Tuesday, 30 November 2010

A family like ours - siblings by adoption

Elizabeth was nearly five when her parents adopted her younger sister. In a direct an honest account of her life she explains what it means to be siblings by adoption.


Nearly five years after I was born, my parents adopted my younger sister Kara. Twenty-five years later, and for the first time, I’ve come across a book about a family like ours.

When Daisy Met Tommy recognises that adoption means huge changes not only for the child being adopted and his or her new parents, but also for birth children gaining a new sibling.

My sister Kara was about to turn two when she became part of our family. Because she was born in Colombia, and I’m a pale freckly Celt, we’ve got used to comments like, “You don’t look anything like each other!” or “No…do you mean half-sisters?” Some people try to insist it’s the same as being biological siblings, as though to reassure us that we really are sisters. I think there are differences, but none that diminish our relationship.

Like most siblings, we grew up with the same parents, same pets, same homes, same extended family. If she starts a story about our early years I recognise it immediately, and vice versa: her impressive range of I’m-not-going-to-bed-and-you-can’t-make-me techniques when she first arrived; my habit of bossing her around (her view) or looking out for my little sister (my view); the endless hours she spent drawing and I spent reading; the car journeys during which our alternate giggling and squabbling would drive our parents mad. Although we each have our own individual recollections – and I’m sure there are things we’ll never agree on - those stories are drawn from a shared childhood.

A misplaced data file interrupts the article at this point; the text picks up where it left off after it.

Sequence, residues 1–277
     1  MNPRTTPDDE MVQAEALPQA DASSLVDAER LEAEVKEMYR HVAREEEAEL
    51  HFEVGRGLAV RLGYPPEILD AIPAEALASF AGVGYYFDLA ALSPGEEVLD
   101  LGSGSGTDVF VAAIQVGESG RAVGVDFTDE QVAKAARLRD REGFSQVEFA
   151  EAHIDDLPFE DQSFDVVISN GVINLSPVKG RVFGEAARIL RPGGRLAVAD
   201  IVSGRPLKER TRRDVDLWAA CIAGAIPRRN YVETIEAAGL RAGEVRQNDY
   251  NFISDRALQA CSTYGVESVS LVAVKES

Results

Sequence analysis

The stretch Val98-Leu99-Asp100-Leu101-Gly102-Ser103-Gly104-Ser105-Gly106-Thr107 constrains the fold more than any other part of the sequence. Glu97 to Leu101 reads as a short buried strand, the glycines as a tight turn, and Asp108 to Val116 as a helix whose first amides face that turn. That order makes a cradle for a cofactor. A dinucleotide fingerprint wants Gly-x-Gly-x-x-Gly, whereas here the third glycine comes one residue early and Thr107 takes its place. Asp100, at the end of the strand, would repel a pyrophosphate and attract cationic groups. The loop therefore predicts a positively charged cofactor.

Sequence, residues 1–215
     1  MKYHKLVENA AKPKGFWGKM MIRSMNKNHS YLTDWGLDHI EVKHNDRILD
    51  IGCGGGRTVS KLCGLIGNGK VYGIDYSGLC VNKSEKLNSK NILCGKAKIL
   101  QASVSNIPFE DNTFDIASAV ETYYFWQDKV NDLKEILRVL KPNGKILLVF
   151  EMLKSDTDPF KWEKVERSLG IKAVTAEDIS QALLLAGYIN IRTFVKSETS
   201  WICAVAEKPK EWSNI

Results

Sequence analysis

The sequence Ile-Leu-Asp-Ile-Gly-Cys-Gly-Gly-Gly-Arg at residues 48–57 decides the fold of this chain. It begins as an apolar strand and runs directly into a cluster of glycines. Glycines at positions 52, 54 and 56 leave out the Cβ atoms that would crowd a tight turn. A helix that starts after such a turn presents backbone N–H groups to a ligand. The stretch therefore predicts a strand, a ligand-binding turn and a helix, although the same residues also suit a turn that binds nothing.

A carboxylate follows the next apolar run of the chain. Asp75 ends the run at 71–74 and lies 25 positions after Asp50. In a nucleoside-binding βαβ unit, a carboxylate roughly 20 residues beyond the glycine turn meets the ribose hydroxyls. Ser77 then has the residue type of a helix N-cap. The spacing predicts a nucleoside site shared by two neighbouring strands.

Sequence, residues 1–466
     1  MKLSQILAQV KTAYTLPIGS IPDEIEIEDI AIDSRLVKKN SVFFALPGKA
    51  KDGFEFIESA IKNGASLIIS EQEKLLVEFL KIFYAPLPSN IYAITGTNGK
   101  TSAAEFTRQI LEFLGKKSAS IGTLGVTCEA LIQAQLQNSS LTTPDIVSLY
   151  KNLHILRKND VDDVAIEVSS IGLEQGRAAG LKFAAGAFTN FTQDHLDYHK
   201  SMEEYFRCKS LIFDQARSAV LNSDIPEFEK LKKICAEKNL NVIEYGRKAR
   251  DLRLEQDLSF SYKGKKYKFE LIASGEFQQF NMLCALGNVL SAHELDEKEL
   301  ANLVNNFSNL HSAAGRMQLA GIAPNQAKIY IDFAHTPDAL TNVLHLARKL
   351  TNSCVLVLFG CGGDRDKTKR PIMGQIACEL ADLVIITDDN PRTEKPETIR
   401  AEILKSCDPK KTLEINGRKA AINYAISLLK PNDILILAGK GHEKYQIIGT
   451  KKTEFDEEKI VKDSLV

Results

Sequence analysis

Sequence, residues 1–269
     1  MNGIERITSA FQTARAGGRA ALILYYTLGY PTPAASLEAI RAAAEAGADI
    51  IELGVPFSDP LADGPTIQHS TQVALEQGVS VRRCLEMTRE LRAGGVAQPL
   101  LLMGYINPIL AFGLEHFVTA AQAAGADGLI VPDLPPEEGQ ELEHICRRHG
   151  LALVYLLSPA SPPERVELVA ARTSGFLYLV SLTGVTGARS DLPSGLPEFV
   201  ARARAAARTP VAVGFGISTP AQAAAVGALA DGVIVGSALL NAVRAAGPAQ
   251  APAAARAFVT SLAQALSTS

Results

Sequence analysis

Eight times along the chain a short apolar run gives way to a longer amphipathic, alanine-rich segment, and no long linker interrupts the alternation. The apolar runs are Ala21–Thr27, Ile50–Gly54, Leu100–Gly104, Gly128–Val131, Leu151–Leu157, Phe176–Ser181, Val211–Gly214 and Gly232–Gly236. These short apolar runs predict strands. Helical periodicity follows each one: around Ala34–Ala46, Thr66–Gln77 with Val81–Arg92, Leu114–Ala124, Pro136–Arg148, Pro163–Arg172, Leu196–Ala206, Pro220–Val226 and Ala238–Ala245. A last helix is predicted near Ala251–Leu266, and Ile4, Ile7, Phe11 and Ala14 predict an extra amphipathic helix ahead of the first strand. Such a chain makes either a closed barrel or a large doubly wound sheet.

But I think there’s also something special about becoming siblings after separate starts in life. Maybe it’s knowing it might not have happened - that if our parents had been approved as adopters a few months earlier or later, we might not be sisters. Although it sometimes seems a difficult concept for others to grasp, Kara has every right to find out as much as she can or chooses to about her origins without feeling that in any way threatens her relationship with our parents or me. And while being from different ethnic backgrounds certainly doesn’t define our relationship, it does matter. Not least because when people realise we’re sisters, adoption tends to come up pretty quickly. This can lead to complete strangers asking personal questions about Kara’s background and feelings.

As adults, although we have of course argued and hurt each other’s feelings at points, she is central to many of my favourite times - from visiting her during her extended trip to Colombia to our daily chats on the phone or by email. Six months ago we bought a flat together (a home for me, an investment for her and her partner) and we’ve spent hours furnishing it, findings lodgers and planning renovations.

Being siblings by adoption – particularly intercountry adoption - brings aspects that can be difficult to describe to people who haven’t experienced it. But for the most part it’s pretty straightforward. I have a kind, funny, talented sister and I am incredibly proud of her. I can’t imagine my life without her, either now or growing up. If ‘Daisy’s’ experience turns out to be anything like mine, she’s a lucky girl.

When Daisy Met Tommy is available now from the BAAF bookstore.

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